Rethinking the Defense of Slavery in Antebellum America
This paper aims to reexamine the justifications for African slavery in America during the late eighteenth century and the period leading up to the antebellum crisis, as explored in Paul Finkelman’s book “Defending Slavery.” The initial focus will involve summarizing the first part of the book, which primarily addresses the racial dimensions of slavery. Following this overview, the paper will delve into two specific sections from the book’s second part: “Religion and Slavery” and “Racial Theory and Slavery.” The ultimate objective is to analyze how these thematic aspects were employed to rationalize African slavery during the early history of America.
In “Defending Slavery,” Finkelman compiles a collection of historical documents authored by politicians, lawyers, clergymen, and anonymous writers who advocated for proslavery viewpoints. The introductory portion of the book sets the stage by providing a concise introduction to the proslavery arguments prevalent in Antebellum America. A recurring thread among these proslavery perspectives is the reliance on racial considerations to justify the institution of slavery. One notable concept introduced is the “mudsill theory,” attributed to James Henry Hammond, a Senator from South Carolina. This theory posited a racial argument in favor of slavery, contending that prosperous societies necessitate a class of individuals engaged in menial labor to establish social hierarchies. It asserted that this labor should be assigned to the perceived inferior black race, further entrenching the socio-racial divide. Consequently, this perspective accentuated the role of slavery in exacerbating the gap between the “white” and “black” races.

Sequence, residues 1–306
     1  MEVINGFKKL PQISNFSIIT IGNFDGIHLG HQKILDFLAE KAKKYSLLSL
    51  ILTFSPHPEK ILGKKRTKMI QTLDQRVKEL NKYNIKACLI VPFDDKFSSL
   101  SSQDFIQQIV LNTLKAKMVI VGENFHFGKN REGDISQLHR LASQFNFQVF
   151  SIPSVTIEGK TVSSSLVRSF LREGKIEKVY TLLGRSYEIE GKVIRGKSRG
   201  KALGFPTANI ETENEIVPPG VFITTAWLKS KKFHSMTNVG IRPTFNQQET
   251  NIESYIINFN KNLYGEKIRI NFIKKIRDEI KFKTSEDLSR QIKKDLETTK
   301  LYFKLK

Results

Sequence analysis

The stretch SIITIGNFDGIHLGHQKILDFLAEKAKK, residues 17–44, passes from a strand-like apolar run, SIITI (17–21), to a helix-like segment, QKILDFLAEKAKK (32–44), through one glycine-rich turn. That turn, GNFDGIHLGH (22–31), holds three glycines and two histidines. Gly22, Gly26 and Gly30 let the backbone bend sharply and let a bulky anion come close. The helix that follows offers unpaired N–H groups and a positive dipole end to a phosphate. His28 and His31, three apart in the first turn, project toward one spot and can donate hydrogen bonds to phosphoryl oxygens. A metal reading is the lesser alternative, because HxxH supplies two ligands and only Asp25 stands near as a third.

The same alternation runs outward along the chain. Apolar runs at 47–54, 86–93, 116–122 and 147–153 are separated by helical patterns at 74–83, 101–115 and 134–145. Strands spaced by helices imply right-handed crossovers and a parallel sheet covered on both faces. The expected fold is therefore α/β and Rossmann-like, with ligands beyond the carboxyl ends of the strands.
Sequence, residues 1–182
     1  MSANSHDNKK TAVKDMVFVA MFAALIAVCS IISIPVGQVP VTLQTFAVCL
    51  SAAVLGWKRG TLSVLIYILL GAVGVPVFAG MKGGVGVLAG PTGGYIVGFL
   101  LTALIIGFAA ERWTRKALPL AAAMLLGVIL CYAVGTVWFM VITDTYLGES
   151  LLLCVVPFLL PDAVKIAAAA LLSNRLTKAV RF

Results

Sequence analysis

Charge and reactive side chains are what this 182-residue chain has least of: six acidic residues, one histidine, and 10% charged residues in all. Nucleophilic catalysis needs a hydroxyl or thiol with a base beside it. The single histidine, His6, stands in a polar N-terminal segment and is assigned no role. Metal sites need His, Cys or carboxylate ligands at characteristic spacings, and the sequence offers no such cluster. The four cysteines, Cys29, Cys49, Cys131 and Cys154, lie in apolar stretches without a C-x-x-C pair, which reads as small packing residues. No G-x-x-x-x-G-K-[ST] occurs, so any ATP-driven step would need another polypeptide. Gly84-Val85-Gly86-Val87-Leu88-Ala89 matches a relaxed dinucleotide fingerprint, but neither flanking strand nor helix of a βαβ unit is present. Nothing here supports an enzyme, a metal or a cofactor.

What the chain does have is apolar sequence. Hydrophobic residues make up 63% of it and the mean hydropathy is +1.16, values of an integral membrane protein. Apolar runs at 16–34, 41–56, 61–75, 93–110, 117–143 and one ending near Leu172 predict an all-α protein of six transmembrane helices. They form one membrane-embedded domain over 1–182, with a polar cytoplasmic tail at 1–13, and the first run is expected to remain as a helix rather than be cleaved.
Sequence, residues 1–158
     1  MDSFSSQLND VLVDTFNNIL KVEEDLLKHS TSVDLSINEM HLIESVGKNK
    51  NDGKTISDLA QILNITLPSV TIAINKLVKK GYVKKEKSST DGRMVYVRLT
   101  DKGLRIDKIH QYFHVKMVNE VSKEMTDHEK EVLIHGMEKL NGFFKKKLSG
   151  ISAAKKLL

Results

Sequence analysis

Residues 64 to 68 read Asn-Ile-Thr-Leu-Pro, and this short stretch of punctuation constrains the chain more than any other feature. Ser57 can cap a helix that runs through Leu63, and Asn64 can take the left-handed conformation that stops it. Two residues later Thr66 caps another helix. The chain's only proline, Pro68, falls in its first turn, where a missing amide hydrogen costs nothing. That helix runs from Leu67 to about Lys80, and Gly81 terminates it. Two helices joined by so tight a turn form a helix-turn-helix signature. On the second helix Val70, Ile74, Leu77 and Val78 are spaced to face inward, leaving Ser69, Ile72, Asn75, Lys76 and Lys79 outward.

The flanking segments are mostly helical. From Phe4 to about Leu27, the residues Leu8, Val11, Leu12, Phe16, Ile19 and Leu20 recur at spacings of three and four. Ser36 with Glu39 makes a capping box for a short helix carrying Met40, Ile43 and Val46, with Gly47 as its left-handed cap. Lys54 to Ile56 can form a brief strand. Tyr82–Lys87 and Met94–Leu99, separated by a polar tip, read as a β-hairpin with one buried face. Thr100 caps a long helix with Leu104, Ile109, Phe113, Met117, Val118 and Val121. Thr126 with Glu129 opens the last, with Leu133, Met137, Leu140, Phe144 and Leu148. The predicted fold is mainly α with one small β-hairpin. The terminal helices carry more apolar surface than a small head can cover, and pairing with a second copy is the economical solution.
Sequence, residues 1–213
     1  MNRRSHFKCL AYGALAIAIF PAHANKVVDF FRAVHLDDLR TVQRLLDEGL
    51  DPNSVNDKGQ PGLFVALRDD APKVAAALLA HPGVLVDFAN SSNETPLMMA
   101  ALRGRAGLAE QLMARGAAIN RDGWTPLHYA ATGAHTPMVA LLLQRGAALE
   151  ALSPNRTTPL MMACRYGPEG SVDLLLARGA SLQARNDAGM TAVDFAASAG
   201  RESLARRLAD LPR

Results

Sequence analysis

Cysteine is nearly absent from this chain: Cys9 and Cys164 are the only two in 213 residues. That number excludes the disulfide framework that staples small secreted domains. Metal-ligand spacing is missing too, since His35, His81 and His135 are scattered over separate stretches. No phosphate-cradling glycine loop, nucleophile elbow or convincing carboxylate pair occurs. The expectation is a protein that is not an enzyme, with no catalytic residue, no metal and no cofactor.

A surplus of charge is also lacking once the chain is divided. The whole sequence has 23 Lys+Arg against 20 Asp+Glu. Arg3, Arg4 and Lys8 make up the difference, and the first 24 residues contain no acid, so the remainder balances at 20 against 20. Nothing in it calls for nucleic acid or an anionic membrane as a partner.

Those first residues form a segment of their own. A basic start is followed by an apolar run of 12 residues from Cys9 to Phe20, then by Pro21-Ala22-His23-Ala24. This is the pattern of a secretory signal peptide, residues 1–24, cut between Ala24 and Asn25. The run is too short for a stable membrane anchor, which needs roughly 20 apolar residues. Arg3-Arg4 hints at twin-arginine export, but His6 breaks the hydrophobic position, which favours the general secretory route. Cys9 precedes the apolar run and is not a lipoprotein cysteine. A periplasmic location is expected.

“Religion and Slavery” constitutes a section of the book where Finkelman presents four documents authored by representatives of Baptist and Protestant denominations, as well as an anonymous contributor, all published and edited by De Bow’s Review—a widely circulated Southern magazine of the 19th century. These documents offer insights into the intersection of religion and slavery. In this context, religion was wielded to legitimize slavery, and the selected documents provide a glimpse into the theological reasoning advanced by proponents of slavery.
The second section, “Racial Theory and Slavery,” delves into the confluence of race and slavery, a pivotal aspect in justifying the subjugation of African individuals. This section dissects how racial theories were employed to lend credence to the practice of slavery. By linking notions of racial inferiority to a purported justification for enslavement, proponents sought to establish a framework that sustained the exploitation of African slaves.
In conclusion, this paper seeks to reevaluate the rationales behind defending African slavery in early American history by examining the racial aspects, religious underpinnings, and racial theories invoked to legitimize the institution. By delving into these aspects, we gain a more comprehensive understanding of the multifaceted strategies employed by advocates of slavery and the role of these ideologies in shaping the complex dynamics of pre-Civil War America.
The Racial Politics of Slavery” by Michael O. West (2020)
The Proslavery Argument” by James Oakes (2018)
Slavery and the Making of the Modern World” by Sven Beckert (2014)
The Problem of Slavery in the Age of Revolutions” by David Brion Davis (2012)